Ardha is a folk dance, which dates back to the times when Bedouin tribes were predominant in Qatar and was performed just before a war or a fight.
Today, the Ardha is a common sight at weddings, cultural events and on special occasions like the Eid - ul - Fitr, Eid - al - Adha and Qatar National Day which falls on 18 December every year today, and is an important part of Qatar’s rich cultural heritage and is deep-rooted in its traditions.
It is believed that the word ‘Ardha’ is derived from ‘ard’ which is an Arabic verb and can be translated as ‘parade’ or ‘to show’.
It is believed that this dance was named ‘Ardha’ because it was performed in historic times, to publicly show the fighting strength of a tribe before it went off to war, showcase weapons, and boost the morales of the tribe and their people. Today, it is most often performed to celebrate culture and heritage, show kinship and promote solidarity between the people of the country and its leadership.
Even in these modern times, men often use this dance to show off their strength through their moves to the beat of the drums, as they recite verses from the centuries old Nabati poetry which is also known as Bedouin poetry or ‘poetry of the people’ in the Middle East.
The communal Ardha dance is performed by a group of men facing one each other or standing in semi circles. Each group of men stands shoulder-to-shoulder. It is a common sight to see these men holding swords in their right hands while performing this folk dance, but sometimes, you will see it being performed without the swords. Some may even hold canes or sticks while performing this Qatari ritual dance that can only be performed by men.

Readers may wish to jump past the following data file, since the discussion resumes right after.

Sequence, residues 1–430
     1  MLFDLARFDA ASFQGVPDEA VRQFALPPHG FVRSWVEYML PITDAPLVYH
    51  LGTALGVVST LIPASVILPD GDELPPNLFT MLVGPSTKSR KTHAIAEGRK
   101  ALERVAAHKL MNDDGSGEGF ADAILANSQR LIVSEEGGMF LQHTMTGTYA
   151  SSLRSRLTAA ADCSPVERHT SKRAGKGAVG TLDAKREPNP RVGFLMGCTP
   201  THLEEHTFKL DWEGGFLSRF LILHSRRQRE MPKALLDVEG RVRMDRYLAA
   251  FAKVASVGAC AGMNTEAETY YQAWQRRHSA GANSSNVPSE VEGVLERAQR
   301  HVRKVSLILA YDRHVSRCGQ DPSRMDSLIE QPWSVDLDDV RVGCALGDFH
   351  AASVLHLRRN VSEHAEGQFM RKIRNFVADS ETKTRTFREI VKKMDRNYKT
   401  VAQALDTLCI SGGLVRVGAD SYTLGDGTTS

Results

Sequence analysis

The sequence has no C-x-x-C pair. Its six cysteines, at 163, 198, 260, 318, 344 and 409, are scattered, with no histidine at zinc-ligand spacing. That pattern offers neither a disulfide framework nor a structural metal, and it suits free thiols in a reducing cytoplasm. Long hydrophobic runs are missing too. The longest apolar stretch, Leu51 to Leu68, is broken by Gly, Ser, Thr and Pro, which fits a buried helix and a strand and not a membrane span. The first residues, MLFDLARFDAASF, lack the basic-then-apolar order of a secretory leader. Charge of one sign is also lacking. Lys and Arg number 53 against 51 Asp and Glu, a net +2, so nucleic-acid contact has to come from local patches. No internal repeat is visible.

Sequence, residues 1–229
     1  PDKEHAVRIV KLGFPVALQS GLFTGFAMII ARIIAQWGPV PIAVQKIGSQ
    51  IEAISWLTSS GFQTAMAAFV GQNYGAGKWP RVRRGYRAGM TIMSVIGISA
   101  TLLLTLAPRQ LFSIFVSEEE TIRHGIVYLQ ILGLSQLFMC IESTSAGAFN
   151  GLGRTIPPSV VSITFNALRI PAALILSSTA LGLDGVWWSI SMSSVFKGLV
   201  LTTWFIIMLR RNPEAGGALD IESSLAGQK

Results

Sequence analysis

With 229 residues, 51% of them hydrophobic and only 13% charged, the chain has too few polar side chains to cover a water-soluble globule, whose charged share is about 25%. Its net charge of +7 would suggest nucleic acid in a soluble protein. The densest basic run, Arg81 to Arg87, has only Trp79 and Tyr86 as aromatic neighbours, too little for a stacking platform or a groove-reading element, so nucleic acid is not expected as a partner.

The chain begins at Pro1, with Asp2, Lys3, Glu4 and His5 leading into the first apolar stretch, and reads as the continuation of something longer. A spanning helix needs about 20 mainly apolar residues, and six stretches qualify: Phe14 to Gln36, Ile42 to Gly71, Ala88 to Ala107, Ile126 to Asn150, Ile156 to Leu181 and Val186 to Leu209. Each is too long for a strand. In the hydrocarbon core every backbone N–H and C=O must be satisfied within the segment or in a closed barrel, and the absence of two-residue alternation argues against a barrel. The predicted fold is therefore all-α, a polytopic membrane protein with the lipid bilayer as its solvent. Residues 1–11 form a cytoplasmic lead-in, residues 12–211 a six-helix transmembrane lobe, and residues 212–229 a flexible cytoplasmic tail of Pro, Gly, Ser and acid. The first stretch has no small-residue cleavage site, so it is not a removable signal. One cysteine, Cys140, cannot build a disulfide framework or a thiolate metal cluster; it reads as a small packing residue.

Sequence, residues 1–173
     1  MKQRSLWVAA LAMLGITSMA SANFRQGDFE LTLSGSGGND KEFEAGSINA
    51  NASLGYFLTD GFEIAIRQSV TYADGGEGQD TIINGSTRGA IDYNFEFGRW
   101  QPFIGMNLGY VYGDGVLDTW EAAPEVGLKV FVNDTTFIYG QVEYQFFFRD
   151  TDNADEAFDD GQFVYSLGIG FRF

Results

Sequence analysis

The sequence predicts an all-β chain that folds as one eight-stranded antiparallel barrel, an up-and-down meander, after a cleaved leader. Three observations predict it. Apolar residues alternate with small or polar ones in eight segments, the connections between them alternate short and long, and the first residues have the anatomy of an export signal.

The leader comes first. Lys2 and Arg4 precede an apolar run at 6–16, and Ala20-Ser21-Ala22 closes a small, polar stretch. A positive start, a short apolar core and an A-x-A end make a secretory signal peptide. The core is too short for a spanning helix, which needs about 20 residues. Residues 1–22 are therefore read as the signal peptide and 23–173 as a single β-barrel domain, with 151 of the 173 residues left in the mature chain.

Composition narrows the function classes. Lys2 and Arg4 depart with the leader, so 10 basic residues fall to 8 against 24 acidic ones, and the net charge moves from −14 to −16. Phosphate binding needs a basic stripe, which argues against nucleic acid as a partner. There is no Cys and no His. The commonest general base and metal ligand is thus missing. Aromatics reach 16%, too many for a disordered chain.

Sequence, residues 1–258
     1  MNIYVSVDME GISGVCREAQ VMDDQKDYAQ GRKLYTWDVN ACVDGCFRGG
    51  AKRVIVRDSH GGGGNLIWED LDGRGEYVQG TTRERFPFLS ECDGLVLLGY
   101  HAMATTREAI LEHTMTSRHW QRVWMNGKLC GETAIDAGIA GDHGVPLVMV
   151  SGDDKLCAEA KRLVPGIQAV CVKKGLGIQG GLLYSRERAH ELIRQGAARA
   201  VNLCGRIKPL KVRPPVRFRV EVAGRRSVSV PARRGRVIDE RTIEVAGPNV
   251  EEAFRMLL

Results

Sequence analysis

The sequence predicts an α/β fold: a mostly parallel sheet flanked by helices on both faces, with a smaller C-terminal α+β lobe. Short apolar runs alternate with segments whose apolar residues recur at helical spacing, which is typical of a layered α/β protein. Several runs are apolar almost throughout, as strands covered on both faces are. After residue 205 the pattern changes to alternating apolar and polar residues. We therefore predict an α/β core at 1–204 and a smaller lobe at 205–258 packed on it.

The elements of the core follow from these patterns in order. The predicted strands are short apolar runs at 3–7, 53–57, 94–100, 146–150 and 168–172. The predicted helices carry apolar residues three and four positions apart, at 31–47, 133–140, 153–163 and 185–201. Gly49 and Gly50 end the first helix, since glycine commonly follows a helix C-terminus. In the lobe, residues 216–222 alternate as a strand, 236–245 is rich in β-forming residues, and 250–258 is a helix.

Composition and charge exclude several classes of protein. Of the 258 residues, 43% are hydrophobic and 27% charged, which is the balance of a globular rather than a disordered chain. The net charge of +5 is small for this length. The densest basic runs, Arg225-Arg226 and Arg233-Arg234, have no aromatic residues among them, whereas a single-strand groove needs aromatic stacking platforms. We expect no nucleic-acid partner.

Even in these modern times, men often use this dance to show off their strength through their rhythmic moves as they swing to the beat of the drums/tambourines with their heavy swords, as they recite verses from the centuries old Nabati poetry which is also known as Bedouin poetry or ‘poetry of the people’ in the Middle East.
There is usually a poet in the middle of the two groups facing one another who recites the verses that are relevant to the situation and the event being celebrated. In the olden days, the poet was usually the head of the tribe or its military reader. The men performing the Ardha repeat the last line of that verse over and over again whilst dancing from side to side as well as back and forth in a specific manner.
Performers of the Ardha often wear the thobe which is a one – piece white outfit made for men and covers the arms all the way to the wrists and legs down to the feet. They also wear the Mahzam which is a leather belt on their waist that has leather straps to go over the shoulders in a diagonal fashion, so they can hold their swords in special holders on the belt. On certain occasions these performers may also wear cloaks or coat like tops that are maroon in colour showing solidarity with the Qatari flag that has white and maroon in it.
Have you ever watched the Ardha being performed? What do you think of this dance? Would you want to be part of this folk dance? Do let us know your thoughts in our Comments section. Like and share the article - it keeps us going?
Cover image credit: Wikiwand: Culture of Qatar
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